Have you ever spoken to someone online who smokes pot? Surely you have. Well, that could eventually to a chain of events where a SWAT team is trashing your house looking for evidence of drugs. And what about women who are married to cops and want a divorce? If their cop husbands have access to this information, they'll certainly use that against them in divorce proceedings. The potential for abuse is IMMENSE.
    See Safe Haven for a fictional, if dramatically mediocre, example of this kind of abuse of authority. In this case, the police officer husband has to resort to breaking and entering, since he cannot get a warrant for the info he wants, but he uses modern technology in other ways to go after his wife.
    I've been called a criminal, a terrorist, and a threat to the known universe. But everything you were told is a lie. The truth is, they've taken our freedom, our home, and our future. The time has come for all humanity to take a stand...

  9. #129
    Administrator highlander's Avatar
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    Quote Originally Posted by Lateralus View Post
    The question is irrelevant. You could ask me what color shirt I'm wearing and it would be equally relevant.
    Of course it's relevant. You're upset about what the NSA is doing. What is it that they're doing exactly that you're upset about? No answer = no specifics = hot air.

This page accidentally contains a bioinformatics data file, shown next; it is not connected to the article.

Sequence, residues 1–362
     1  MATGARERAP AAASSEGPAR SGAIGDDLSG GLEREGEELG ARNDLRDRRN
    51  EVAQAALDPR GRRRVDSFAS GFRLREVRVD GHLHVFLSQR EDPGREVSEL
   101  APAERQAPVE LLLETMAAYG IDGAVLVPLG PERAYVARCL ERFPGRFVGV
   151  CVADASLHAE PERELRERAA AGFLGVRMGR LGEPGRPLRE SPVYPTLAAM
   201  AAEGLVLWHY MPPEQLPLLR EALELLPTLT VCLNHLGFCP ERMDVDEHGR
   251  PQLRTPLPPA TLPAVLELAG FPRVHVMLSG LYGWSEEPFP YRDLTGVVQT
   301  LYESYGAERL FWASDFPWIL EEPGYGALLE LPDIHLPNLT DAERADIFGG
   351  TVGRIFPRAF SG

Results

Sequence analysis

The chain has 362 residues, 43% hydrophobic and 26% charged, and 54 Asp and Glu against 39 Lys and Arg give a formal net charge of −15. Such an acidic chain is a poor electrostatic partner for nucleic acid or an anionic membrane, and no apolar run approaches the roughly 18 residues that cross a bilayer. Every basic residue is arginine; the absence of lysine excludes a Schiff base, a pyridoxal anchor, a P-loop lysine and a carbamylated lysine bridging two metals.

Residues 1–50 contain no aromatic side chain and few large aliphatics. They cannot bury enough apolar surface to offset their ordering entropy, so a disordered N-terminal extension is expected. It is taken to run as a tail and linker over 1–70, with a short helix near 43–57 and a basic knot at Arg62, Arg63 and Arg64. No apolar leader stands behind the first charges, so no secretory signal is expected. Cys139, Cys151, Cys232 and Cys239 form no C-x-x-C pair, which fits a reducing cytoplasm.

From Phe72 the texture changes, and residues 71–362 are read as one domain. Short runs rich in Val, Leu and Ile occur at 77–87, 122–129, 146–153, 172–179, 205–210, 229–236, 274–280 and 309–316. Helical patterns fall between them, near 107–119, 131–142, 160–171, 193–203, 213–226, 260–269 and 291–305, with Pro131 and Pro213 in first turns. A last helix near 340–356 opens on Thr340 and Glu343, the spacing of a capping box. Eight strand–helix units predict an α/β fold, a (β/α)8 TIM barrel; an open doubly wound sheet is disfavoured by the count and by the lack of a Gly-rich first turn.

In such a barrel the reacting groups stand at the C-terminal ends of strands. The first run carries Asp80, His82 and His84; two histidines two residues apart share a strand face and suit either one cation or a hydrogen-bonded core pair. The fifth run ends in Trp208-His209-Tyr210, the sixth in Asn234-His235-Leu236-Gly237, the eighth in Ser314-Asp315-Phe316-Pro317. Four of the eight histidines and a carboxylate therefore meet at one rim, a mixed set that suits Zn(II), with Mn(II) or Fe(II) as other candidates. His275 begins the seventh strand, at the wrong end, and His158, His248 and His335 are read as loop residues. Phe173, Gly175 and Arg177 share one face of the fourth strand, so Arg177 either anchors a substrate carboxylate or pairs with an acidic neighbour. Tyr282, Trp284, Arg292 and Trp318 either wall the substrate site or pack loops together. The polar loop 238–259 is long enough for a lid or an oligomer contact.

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  10. #130
    Administrator highlander's Avatar
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    Quote Originally Posted by Coriolis View Post
    I am more concerned about the government and private sector collaborating to do even more data mining on private citizens. If we are going to safeguard more "impersonal" information like intellectual property, the government would do well to have ordinary law-abiding citizens on their side, as with any crime-fighting strategy. This doesn't happen when people feel like the government is the problem, or even the enemy. People will be more willing to share information when there are clear limits on what the government can ask for, and reasonable confidence that they will be obeyed.